In 1858 a catastrophic pollution event descended upon London as its sewer-filled streets and waterways built up to create “The Great Stink”. The Thames was and remains a central feature of England’s capital, but back then it wasn’t filled with seals, seahorses, and eels, like it is today. Back then, it was basically a big toilet.
The Thames had become heavily polluted with raw sewage and industrial waste as a result of a huge amount being produced in the bustling city while there wasn’t anywhere to properly dispose of it. “Night soil men” would collect some of it for use in agriculture, but a lot was left on the street or ditched in waterways. Even those with the rare commodity of a flushing toilet weren’t much better off, as the raw sewage just went into the Thames untreated. All in all, it made for an eye-watering aroma.
Things got considerably worse in the summer of 1858, when hot weather and a parched Thames River concentrated the smell. It got so bad that Parliament considered moving location because debates couldn’t endure the stench, and in the Houses of Parliament curtains were being soaked in in a type of bleach to try and mask it.
In the two decades preceding that fateful summer, cholera cases had been on the rise, leading many to suspect that the increasingly fetid air was to blame. In truth, as a waterborne disease cholera was spreading as a result of people ingesting contaminated water. It was happening a lot since some of the poorest communities had no choice but to dip for water in the Thames, leading to outbreaks like one in 1848 that’s said to have wiped out around 1,500 of the waterfront population in Lambeth.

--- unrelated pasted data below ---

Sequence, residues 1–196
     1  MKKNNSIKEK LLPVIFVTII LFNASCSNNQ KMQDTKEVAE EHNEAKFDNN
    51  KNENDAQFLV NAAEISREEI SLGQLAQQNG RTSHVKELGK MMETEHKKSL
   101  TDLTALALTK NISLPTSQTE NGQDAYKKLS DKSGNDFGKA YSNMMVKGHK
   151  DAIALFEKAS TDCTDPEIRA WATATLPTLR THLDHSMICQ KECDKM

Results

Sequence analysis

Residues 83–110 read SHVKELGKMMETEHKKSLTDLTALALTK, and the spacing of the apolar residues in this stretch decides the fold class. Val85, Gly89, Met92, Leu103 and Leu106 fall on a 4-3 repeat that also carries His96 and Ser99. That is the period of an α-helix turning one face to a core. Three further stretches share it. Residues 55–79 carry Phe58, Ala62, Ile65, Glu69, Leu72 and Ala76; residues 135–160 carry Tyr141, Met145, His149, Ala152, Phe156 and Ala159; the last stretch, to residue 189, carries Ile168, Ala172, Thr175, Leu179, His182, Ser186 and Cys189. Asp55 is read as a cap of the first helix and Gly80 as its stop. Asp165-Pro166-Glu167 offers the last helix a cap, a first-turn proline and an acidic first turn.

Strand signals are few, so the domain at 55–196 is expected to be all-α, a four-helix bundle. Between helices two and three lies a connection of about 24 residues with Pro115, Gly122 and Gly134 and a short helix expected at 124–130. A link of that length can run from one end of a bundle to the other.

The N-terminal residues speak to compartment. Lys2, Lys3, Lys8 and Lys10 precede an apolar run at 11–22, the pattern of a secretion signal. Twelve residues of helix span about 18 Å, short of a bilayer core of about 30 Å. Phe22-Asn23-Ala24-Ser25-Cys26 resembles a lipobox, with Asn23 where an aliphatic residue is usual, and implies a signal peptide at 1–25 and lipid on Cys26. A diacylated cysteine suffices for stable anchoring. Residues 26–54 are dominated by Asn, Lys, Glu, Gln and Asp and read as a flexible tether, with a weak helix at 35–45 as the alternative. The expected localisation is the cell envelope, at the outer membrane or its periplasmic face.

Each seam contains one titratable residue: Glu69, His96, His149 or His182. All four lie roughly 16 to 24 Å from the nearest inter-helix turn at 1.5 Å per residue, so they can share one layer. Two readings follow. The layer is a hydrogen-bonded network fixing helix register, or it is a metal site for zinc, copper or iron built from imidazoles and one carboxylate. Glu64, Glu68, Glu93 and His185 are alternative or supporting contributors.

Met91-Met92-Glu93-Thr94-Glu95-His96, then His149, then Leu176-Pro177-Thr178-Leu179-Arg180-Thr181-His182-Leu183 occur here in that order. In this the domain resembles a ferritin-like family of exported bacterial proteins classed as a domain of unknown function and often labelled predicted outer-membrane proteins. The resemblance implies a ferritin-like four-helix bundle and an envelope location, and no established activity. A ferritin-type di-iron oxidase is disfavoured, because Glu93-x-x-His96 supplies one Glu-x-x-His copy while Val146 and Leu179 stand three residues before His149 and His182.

Fearing the polluted air was to blame, officials agreed The Great Stink had to go.
Sir Joseph Bazalgette would lead the transition to a greener London, establishing a sewer system that could carry human waste further out towards the Thames Estuary. The idea was that getting it closer to the sea would sweep away the bad times with the tide, but it alone wouldn’t be enough to stop The Great Stink.
Bazalgette also wanted to establish embankments along the river to conceal the newly built sewers, but it wasn’t a hit with everyone as building meant demolishing streets close to the water. Businesses and communities were turned to rubble in the process, but it did come with the added benefit of acting as a flood defense.
Pumping stations along the embankment facilitated the sewage’s journey out to sea, leading to a new stretch of 1,600 kilometers (1,000 miles) of new sewer. In total, the scheme cost around £2,500,000 ($3,100,000) which is the modern equivalent of nearer £300 ($375) million, explains Historic England.
In the 1950s the Thames was so polluted it was declared “biologically dead,” but thanks to Bazalgatte’s scheme it’s not only recovered, but is home to all manner of marine animals including seahorses, eels, seals, and the occasional wayward cetacean.
London’s population has boomed in the last 70 years, applying new pressures to the city’s sewers, but a new project set to be completed in 2023 is upgrading the city’s waste management. The “Super Sewer” hopes to tackle the issue of overflowing sewage that occurs when it rains, helping to keep London’s humans and wildlife happier and healthier.
We can all drink to that.